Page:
Foreign investment

THE plight of Zambian publishers who are about to lose over US$4million in a textbook publishing deal to foreign publishers is quite distressing.

Details are not clear but it would appear that, following the introduction of vernacular as a language of instruction, there was need for new text books. These are the books that the Ministry of Education has decided to award to  foreign publishers.

Six Zambian firms tendered and lost. They did not take the loss lying down. They decided to petition the courts of law to stop the process. They succeeded in getting the award delayed as courts of law considered the matter. The courts have now refused any further delays in the award of the contract, which means that the Government can award the contracts to the foreign companies.

Without details on how the evaluation was conducted it is difficult to give a very clear assessment of the matter. It is quite possible that the foreign companies proved attractive because they provided a shorter lead period compared to the indigenous one, but time is no longer an issue, given the lengthy court process that has invariably negated this consideration.

The real issue is: Given that we are an open economy; to what extent should foreign capital be allowed to compete with local entrepreneurship.

Put differently; can local capital compete with foreign capital?

The answer is very clear. There is no accumulated local capital to speak of. We have human capital that is bereft of the means of production. Even our education system does not prepare our graduates for enterprise. It prepares them for white collar investment.

For example, most of our building contractors fail to make the grade because they lack equipment which their counterparts from developed countries will readily provide. Therefore a business evaluation based on equipment alone will invariably knock out the Zambian bidder.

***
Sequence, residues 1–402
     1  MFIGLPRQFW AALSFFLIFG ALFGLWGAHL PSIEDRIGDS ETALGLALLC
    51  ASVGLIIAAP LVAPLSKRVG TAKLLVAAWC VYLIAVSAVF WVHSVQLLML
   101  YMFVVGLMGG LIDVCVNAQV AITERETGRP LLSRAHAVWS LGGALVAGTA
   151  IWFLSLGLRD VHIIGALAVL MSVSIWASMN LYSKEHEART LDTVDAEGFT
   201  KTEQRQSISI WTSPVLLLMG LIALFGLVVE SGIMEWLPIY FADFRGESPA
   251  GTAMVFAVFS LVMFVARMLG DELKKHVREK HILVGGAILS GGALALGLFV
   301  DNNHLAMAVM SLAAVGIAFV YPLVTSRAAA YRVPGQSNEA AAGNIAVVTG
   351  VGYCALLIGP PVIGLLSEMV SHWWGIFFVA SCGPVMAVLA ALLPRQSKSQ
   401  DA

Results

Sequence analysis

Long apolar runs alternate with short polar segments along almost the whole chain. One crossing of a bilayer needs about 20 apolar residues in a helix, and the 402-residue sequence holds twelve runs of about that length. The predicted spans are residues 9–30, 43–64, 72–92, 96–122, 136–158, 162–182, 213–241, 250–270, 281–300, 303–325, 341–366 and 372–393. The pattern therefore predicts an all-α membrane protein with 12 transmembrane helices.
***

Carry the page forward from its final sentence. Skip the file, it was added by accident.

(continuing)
Granted that a number of Zambians have abused loans, the reality is that not many indigenous businessmen will offer performance bonds for large scale projects. They therefore remain in the lower leagues.

It is however a fact that international capital will flow to those areas which offer the highest possible returns. The benefits of such flows have been a subject of considerable debate and controversy because Africa, like other developing countries are suffering a negative flow of investment. More money is flowing out than is coming in by way of investment and loans.

There is a huge disparity between the capital inflow as measured against capital outflows to the extent that most African countries suffer balance of payment deficits because they are not able to match imports with exports.

It would seem counterintuitive for a poor country such as Zambia to spend and externalize US$4million on textbooks that our local publishers are capable of producing. Indeed they have shown a previous capacity to do so.

Why should the Zambian Government support this needless outflow that robs local entrepreneurs?


Categorized | Editorial

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